US Senate involved in sedate free-for-all for majority leadership
Washington — In the elegant and cozy old Senate chamber, lined with four fireplaces and crowded with dark wooden desks in a tight semicircle, Daniel Webster and John C. Calhoun once declaimed.
This week in the rarely used Capitol room that was home for the ''golden era'' of senatorial oratory, 53 Republican senators will determine in utmost secret who will lead the US Senate for the next two years. The vote will close the era of genial and conciliatory majority leader Howard H. Baker Jr. of Tennessee, who is leaving the Senate after four years at the helm.
No one can be certain what kind of new era will be launched on Wednesday when the secret balloting is over and one of five candidates emerges as Mr. Baker's replacement.
''It's terribly private,'' says Sen. Alan K. Simpson (R) of Wyoming. ''It's vexacious to people,'' he adds, a little amused at the frustrated outsiders and reporters who want to know who is ahead. But, Senator Simpson adds, ''There isn't any more to know.''
Sen. Arlen Specter (R) of Pennsylvania calls the intense and private campaign ''innervating. I think most of us 53 Republicans really believe we have five outstanding candidates. We're really being asked to choose one brother over another.''
For all the privacy of the vote, the direction of the new leadership will have a very public effect. Not only will the Senate leader largely determine the success of President Reagan's program in the vital first few months of his second term. The new leader will also be called to position the GOP so that it can retain the Senate majority in 1986, when 22 Republican seats are up for reelection. As the candidates scurried around last week trying to pin down votes , it was virtually impossible to determine the front-runner.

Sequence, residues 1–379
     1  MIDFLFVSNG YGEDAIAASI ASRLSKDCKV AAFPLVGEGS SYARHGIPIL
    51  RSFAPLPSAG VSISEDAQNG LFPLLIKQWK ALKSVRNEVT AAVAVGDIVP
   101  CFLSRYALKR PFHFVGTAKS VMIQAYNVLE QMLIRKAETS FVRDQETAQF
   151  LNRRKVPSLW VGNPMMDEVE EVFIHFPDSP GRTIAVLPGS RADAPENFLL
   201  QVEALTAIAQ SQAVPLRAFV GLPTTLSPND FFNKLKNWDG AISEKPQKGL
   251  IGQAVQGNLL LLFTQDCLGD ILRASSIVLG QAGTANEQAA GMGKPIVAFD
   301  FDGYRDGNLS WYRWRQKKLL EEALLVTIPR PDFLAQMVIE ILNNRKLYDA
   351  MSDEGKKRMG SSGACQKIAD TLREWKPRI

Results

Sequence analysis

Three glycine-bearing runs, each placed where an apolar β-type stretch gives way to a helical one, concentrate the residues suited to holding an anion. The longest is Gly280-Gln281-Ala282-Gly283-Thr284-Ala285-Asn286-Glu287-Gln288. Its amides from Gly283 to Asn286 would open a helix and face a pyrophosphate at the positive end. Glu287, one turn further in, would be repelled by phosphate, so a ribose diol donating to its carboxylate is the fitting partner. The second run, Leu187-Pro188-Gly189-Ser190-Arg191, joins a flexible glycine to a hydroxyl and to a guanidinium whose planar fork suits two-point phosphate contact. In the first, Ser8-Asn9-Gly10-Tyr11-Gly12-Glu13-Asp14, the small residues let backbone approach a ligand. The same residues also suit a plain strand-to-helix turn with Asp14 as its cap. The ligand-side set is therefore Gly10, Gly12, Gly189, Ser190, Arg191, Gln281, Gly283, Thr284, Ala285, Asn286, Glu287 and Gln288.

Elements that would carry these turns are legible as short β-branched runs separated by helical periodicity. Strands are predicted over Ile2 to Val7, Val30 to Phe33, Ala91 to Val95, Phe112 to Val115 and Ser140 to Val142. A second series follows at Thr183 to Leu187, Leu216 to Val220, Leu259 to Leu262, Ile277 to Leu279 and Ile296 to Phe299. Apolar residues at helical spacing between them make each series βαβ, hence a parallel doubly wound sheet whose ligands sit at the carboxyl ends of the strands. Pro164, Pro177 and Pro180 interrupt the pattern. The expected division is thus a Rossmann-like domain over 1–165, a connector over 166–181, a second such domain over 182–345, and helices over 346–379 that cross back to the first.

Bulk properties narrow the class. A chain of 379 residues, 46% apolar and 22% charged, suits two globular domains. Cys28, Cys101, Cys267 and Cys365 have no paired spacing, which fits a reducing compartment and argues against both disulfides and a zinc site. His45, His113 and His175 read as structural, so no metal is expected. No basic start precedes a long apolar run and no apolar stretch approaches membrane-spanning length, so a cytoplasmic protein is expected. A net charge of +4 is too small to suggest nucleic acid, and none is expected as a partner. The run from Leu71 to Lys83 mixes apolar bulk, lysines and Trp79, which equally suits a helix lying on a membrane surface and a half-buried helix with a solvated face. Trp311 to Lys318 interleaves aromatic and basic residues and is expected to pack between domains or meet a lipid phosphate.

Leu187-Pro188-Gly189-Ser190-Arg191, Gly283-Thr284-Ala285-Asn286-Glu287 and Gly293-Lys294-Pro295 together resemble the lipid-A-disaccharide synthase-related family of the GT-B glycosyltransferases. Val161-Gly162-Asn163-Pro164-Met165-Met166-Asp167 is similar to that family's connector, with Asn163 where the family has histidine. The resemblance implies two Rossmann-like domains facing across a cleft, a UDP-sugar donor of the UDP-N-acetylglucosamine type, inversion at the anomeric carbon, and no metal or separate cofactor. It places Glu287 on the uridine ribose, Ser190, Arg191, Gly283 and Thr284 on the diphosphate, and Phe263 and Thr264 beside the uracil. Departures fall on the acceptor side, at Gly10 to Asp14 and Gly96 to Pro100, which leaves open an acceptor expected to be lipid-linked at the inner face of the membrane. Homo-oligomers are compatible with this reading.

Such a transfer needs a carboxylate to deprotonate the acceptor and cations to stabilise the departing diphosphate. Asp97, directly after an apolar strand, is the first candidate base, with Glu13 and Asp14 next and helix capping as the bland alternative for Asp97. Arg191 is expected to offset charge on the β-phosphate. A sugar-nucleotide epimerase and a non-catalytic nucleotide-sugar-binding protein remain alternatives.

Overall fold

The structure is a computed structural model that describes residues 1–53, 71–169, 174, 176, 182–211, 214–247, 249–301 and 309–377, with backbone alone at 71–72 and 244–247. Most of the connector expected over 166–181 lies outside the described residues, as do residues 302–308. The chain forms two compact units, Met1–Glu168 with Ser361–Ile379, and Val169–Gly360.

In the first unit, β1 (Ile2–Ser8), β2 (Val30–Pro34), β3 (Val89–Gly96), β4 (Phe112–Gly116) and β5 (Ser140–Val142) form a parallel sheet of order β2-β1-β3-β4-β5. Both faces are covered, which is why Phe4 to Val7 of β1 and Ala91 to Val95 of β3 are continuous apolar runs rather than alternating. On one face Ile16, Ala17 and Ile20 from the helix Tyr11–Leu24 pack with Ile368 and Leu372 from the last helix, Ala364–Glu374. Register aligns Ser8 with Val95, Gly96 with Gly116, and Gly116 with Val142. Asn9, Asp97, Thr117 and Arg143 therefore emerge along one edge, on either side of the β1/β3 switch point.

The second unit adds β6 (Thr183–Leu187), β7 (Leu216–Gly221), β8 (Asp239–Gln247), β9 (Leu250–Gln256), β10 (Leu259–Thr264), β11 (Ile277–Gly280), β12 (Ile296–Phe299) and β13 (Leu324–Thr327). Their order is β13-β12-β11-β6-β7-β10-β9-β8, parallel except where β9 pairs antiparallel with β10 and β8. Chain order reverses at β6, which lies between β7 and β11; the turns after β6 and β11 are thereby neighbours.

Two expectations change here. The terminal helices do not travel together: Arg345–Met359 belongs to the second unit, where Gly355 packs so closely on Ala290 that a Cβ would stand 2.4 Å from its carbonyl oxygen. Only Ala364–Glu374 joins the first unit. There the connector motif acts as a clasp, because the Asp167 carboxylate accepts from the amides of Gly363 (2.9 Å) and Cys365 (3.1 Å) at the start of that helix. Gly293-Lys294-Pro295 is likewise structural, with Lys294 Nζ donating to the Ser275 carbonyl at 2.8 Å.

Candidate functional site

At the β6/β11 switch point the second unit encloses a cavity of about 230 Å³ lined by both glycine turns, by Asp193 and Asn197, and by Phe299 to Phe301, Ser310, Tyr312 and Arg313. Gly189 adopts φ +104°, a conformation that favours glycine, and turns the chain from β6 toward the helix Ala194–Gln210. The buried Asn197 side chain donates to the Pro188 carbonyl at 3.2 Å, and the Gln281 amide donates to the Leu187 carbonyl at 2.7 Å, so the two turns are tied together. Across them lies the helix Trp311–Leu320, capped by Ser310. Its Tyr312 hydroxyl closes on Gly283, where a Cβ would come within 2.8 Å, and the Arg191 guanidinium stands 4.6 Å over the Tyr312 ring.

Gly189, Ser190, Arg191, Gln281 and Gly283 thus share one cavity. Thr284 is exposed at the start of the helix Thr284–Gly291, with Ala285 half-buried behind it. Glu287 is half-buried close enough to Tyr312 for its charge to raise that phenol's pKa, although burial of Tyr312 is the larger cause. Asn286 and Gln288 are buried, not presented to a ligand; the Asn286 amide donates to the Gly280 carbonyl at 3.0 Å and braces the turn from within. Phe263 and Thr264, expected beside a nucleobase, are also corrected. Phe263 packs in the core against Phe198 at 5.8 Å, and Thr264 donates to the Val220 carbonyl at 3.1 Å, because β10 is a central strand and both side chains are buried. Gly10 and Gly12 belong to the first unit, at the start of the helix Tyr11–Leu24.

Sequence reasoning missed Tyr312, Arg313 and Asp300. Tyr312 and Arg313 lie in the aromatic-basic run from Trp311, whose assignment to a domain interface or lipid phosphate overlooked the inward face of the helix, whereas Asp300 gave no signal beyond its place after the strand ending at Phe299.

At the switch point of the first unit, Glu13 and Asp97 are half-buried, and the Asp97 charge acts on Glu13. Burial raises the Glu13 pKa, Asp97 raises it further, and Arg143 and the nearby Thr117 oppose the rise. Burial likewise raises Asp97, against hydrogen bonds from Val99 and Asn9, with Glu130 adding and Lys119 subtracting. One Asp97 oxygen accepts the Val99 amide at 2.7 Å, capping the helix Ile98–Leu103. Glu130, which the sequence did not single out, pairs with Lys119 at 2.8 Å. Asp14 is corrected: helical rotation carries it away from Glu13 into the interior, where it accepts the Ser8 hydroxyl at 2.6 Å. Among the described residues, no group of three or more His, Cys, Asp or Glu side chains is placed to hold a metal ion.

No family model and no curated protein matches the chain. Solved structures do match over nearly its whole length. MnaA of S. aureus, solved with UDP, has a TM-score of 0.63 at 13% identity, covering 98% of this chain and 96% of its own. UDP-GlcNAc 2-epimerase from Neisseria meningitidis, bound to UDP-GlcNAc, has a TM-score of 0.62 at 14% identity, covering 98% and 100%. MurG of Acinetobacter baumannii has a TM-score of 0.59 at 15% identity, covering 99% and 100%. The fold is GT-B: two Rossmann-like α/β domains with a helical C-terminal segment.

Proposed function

When the 53 gather for the secret balloting, they will pick among five members with distinct styles and viewpoints.
Sen. Robert Dole of Kansas. The best-known nationally, he ran for vice-president with President Gerald Ford in 1976.
When the Republicans chose Senator Baker as their minority leader in 1977, it was partly because he was an articulate national spokesman for the party. If they want such a national figure this time, Mr. Dole would be the obvious choice. A centrist, he is one of the most skillful legislators on Capitol Hill and seems to relish the job of forging compromises in the midst of seemingly impossible disputes. He is not always successful, as in a recent civil rights dispute, when his 11th-hour plan failed.
Senator Dole, known for a wit that can be sharply barbed, would probably be a more forceful leader than was the genial Baker. But it is far from clear that the independent-minded senators want such leadership. Although personal relations are more important than philosophy in the choice of majority leader, Senator Dole has differences with some in his party over taxes. As chairman of the Senate Finance Committee, he does not go along with Republicans who oppose any tax hike next year. Senator Dole has also made no secret of his hopes to someday live in the White House.
Sen. Pete V. Domenici of New Mexico. Should the Republicans want a strong leader who is less distracted by hopes for the presidency, Senator Domenici could be their choice. Serious-minded and a tireless worker, the chairman of the Senate Budget Committee has been a voice for realism in the chaotic budget process. He put together the Reagan budget victories in 1981, but since then he has feuded with the White House over the mounting federal deficits. Domenici's determination to trim federal red ink runs counter to the wishes of right-wing senators who insist on no tax hikes. And as budget committee head he has sometimes had to step on senatorial toes.